Texas Democrats Take Vote by Mail to the U.S. Supremes
Texas Democratic Party and three under-65 voters ask Court to extend VBM to all Texas voters
On Tuesday, the Texas Democratic Party and three under-65 voters filed motions to the U.S. Supreme Court, requesting that all Texas voters be allowed to vote by mail. One voter-plaintiff, San Antonio nurse Brenda Li Garcia, called the state's current age restriction "arbitrary, discriminatory, and unconstitutional."
Attorney Chad Dunn, general counsel for the TDP, said (via an online press conference) that the filings ask Justice Samuel Alito (who oversees the U.S. Fifth Circuit Court of Appeals) to lift the current stay of a lower federal court order, issued May 19 by San Antonio Judge Fred Biery, that would allow VBM under pandemic conditions to all Texas voters. Failing that, Dunn said, the Court has been asked to expedite consideration of the constitutional merits of the plaintiffs' suit: Most specifically, that the 26th Amendment (which enabled those 18 and older to vote) explicitly prohibits discrimination against voters on the basis of age.
Last week, the TDP withdrew its state lawsuit concerning VBM, effectively mooted by a May 27 Texas Supreme Court ruling that "lack of immunity" to COVID-19 alone does not constitute a "disability" under the state election law. On June 4, the Fifth Circuit Court extended its stay of the Biery order, in a lengthy order that Dunn noted took the unusual step of deciding the merits of the case in advance of any hearing, while also insisting that the plaintiffs should have waited for the Texas Supreme Court decision.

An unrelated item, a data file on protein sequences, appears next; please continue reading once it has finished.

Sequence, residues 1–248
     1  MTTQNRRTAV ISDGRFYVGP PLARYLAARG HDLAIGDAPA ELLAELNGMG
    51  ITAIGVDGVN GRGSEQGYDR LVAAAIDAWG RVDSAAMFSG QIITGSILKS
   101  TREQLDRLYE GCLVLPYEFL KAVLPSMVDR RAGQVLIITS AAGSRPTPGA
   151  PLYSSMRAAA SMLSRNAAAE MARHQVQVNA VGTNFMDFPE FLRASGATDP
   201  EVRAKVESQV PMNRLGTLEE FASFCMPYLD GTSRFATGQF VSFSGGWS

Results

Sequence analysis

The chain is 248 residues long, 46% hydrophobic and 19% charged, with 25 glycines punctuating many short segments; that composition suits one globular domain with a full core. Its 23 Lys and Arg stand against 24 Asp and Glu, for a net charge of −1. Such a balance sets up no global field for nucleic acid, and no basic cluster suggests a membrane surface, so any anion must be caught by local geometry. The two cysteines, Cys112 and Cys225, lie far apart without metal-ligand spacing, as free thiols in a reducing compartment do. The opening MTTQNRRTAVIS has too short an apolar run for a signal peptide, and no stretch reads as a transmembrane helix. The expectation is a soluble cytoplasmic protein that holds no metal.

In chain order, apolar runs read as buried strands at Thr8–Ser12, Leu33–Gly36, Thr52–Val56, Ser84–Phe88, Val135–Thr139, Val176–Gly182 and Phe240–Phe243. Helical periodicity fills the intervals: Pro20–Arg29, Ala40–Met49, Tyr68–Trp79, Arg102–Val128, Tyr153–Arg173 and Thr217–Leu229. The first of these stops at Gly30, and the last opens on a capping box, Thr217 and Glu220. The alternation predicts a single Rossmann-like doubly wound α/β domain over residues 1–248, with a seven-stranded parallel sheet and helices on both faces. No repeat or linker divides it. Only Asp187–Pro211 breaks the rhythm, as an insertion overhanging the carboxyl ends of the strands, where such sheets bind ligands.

"There is now no need for any further action [at the Fifth Circuit]," said Dunn, especially considering the election schedule and an earlier Supreme Court ruling (in a Wisconsin case) that procedural changes shouldn't be made "on the eve of an election." Dunn hopes that either Alito will quickly lift the stay, or the full court will hear the case soon enough to anticipate the Texas July 2 mail ballot request submission deadline – or at least to liberalize the rules before November.
"It can't be true," added Dunn, "that we're both too soon, and too late." He said Texas has become an "outlier" on VBM, one of very few states that have not moved to liberalize VBM in the context of the worldwide pandemic. As with the late Juneteenth announcement of the Emancipation Proclamation, Dunn said, "Texas is one of the last states to get the message" on the effects of the 26th Amendment.
The three plaintiffs – Garcia, Shanda Sansing, and Joseph Cascino – each spoke briefly on their reasons for participating in the lawsuit. Sansing, a 60-year-old Austinite, said she fears exposing herself and indirectly exposing vulnerable relatives to COVID-19 infection; Cascino, a 20-year-old UT-Austin student, said he understands he's "putting a target on his back" for Attorney General Ken Paxton, who has threatened prosecution of "illegal" use of VBM. "We should honor the blood, sweat, and tears" of those who fought to defend and expand the right to vote, Cascino said. "Paxton should extend a helping hand, not a middle finger."
Dunn dismissed claims of widespread voter fraud with VBM, and that if they were true, then nobody – not the elderly, absentees, nor military personnel – should be allowed to vote by mail. He said he does not believe that the attorney general has the authority to prosecute alleged violations, and that voters shouldn't have to fear that local district attorneys might decide to pursue such claims. "Voters over 65 don't have to worry about that, and young voters shouldn't have to guess whether they'll be prosecuted."